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Is the Atlantic Conveyor belt shutting down now?

Climate modelling predicts a slowdown in this ocean current

In 2001 climate models predicted a decrease in the overturning circulation as carbon dioxide in the atmosphere increased. This could happen over a decade or so, perhaps even quicker.

This is a "hypothesis" (a prediction of what we think will happen based on our theory of how it works). It is tested against actual evidence. If the evidence agrees with the hypothesis this indicates that the theory is right. Or does it?

The Argo project floats which measure ocean currents (pic NOAA). Click to enlarge

At the time of the predictions scientists knew very little about the currents. They worked out how to monitor the circulation across the Atlantic using instruments anchored to the sea floor. Later, new satellite instruments added additional data about water density, temperature and height.

In 2004 an  analysis of satalite data seemed to show a slowing in a North Atlantic section of the currents. In 2005, other scientists reported that the number of giant chimneys of cold, descending water under the Arctic which help power the currents had declined from the normal 7-12 down to 2 weak columns.  Another study also in 2005 found a 30% reduction in warm water flow in the Gulf Stream. These data all supported the idea that the currents are slowing down.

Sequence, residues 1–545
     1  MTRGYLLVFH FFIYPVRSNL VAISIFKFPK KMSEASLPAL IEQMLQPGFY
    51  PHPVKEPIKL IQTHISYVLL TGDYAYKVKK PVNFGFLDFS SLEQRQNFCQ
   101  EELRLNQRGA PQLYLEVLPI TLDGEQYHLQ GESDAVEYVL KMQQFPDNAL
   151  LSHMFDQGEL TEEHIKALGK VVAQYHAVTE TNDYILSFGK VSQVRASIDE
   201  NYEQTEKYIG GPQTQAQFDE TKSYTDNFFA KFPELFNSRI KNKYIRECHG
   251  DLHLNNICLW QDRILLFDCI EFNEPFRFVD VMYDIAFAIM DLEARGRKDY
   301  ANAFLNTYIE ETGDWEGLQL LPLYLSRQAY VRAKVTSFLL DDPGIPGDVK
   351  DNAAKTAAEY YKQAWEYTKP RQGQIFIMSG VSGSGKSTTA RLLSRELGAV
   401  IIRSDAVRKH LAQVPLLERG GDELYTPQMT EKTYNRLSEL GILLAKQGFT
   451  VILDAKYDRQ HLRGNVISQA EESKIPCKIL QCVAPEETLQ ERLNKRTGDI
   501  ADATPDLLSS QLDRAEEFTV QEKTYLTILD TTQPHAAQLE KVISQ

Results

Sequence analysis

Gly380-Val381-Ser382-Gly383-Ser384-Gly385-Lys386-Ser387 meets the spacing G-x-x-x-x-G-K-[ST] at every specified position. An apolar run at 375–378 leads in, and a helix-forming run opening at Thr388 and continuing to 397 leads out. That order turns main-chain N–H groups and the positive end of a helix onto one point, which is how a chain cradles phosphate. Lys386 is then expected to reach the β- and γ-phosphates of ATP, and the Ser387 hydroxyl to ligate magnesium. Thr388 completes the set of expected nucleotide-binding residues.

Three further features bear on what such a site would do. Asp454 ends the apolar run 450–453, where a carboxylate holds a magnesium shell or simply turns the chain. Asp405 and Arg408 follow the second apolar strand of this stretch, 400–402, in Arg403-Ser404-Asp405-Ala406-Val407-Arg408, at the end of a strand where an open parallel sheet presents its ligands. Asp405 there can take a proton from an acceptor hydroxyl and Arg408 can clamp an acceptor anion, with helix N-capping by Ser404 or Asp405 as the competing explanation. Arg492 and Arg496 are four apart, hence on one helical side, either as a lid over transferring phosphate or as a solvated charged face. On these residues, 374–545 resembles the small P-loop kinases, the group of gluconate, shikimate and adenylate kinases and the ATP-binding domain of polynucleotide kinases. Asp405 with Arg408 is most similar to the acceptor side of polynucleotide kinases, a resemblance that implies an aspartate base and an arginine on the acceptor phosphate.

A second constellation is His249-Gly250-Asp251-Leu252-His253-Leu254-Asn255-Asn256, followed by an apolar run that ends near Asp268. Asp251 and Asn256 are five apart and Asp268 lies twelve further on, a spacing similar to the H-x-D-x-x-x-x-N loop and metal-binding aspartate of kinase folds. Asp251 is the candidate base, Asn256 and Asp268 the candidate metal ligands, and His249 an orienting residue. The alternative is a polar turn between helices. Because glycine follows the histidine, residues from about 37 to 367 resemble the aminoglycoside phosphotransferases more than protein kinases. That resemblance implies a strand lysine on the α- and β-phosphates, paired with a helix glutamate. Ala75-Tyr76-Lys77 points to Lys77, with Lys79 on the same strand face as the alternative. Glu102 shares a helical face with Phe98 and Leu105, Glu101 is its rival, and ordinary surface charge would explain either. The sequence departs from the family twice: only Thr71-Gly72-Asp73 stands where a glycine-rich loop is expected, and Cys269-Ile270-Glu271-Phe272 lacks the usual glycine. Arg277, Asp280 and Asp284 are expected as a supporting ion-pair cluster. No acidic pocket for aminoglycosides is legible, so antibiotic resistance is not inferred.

Careful language, the case was not yet proved

Careful language, the case was not yet proved

In 2005, the NOC scientists wrote:

The comparison (of the new set of data  with the earlier sets) suggests that the overturning circulation has  slowed by about 30 per cent between 1957 and 2004.    Nature 1/12/05

Notice that they wrote 'suggests' and not 'shows'.  The IoP ethical code says scientists have a duty, under the heading of social responsibility, to 'alert the wider public to the consequences of their work'.  This includes communicating the idea of 'uncertainty'.   The NOC scientists have done this.  Harry Bryden, the leader  of the group told New Scientist:

We don't want to say the circulation will shut down but we are nervous about our findings. They have come as quite a surprise.

What happened next?

What happened next?

In 2008, a different group of scientists found that the currents in the deep water had come back!

What was going on?

In 2010, NASA scientists were able to  put together both the water flow data AND satelitte data from the previous studies. This combined data showed no overall slowdown in the currents over the previous 15 years and even that it was speeding up.

What all of this shows is that any scientific result is always provisional and that it can be updated at any time if new data or analysis techniques become available.

These studies do not "prove" that the overturning circulation will not shut down due to climate change. They just show that fortunately it hasn't happened so far.

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Find out more

You can find more about the NOC current measuring project
 here and here.